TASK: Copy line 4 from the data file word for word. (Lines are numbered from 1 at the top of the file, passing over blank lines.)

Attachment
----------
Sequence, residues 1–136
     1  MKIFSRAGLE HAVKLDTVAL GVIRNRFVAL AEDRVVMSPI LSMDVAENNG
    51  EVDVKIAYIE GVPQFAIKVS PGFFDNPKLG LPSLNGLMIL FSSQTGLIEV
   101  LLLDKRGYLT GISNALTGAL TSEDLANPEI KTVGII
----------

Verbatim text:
   101  LLLDKRGYLT GISNALTGAL TSEDLANPEI KTVGII